It is usually very difficult to make instantaneous adjustments in the number of sales people available to call hot leads, and the number of hours in a day is even more difficult to adjust. This leaves a challenging disconnect. As we’ve addressed earlier, the ability to connect with leads successfully is very dependent on the speed with which you follow up, so this disconnect has significant implications on sales success.

If a marketing campaign generates a spike of marketing qualified leads on a Monday, for example, and those leads are passed to sales, there will likely be an overwhelming number of leads for that Monday. The calls will spill over into Tuesday, and Wednesday, where the sales team will face declining success rates due to the elapsed time, and by Thursday, the sales team will be out of leads.

A far better solution would be to “throttle” marketing campaigns so that a more steady stream of leads flows to sales. Not all campaigns can be throttled, but many can. If there is to be an outbound email marketing campaign that generates leads, it is better to split it into 5 equal sections and spread it over 5 days than it is to send it all at once. Not only will the sales team not be overwhelmed with leads on one day, but the increase in successful connections they make will keep them busier with the same number of leads as in the original scenario.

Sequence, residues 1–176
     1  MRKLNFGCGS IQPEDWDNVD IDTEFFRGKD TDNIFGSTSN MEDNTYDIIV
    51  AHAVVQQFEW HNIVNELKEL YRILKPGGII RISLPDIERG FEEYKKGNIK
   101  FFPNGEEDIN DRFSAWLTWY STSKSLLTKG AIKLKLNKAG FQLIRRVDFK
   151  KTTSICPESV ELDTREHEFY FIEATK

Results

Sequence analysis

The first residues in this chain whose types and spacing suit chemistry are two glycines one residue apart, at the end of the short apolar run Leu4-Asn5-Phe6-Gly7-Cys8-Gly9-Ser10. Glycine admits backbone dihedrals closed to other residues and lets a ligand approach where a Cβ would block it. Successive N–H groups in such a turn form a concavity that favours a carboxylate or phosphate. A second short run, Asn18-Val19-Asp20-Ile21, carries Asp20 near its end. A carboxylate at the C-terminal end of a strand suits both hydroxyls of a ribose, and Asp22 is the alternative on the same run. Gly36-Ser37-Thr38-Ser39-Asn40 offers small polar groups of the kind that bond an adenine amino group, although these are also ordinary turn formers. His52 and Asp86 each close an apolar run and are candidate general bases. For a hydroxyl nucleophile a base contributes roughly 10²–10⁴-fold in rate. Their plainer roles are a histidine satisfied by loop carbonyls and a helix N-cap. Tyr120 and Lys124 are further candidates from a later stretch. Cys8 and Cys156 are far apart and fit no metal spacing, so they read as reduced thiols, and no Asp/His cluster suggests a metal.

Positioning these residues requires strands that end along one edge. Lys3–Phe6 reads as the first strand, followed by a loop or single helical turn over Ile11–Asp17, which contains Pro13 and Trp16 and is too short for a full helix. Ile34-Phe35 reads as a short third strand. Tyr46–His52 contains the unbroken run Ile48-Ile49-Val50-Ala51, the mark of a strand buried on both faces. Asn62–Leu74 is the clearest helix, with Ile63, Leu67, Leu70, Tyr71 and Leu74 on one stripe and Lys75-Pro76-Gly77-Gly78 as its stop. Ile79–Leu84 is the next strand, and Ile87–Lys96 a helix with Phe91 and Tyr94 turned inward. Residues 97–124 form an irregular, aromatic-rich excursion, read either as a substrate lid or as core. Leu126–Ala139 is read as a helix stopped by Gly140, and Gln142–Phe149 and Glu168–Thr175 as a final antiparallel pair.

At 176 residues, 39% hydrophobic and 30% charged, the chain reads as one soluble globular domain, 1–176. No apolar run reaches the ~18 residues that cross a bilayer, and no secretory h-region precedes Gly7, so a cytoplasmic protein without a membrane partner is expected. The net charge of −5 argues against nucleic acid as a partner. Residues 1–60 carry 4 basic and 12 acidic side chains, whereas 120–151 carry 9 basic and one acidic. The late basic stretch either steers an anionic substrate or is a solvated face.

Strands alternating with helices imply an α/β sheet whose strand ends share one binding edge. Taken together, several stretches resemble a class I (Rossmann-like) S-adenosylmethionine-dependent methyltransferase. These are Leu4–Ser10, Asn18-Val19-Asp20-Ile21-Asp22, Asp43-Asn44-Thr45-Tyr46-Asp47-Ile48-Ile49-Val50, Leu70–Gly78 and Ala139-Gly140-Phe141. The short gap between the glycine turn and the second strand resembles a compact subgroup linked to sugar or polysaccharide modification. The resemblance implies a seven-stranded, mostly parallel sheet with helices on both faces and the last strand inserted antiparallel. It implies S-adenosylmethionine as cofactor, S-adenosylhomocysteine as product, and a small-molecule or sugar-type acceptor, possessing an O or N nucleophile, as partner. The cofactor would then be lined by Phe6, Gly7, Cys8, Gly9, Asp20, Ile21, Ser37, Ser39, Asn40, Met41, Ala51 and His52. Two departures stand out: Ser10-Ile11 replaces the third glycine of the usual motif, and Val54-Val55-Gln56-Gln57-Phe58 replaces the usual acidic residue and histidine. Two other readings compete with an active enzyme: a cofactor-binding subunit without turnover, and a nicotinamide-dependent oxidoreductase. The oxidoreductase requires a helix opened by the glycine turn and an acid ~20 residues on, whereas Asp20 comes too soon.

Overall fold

When marketing and sales begin to get more closely aligned, the operational differences between the two groups become more apparent. Many of the challenges your teams will face in shifting their operations to be better in synch are actually signs of a growing level of alignment.”

Please leave your comments at the original post.

Job opening – Director, Sales Enablement and Product Marketing

Old! Outdated!

Director, Sales Enablement and Product Marketing

Director, Sales Enablement and Product Marketing
Corporate Executive Board (NASDAQ: EXBD)

www.EXBD.com

Location: Arlington, VA (Washington D.C. Metro Area)
Type: Full-time
Experience: Director
Functions: Marketing
Industries: Management Consulting

seeking a Director of Sales Enablement and Product Marketing.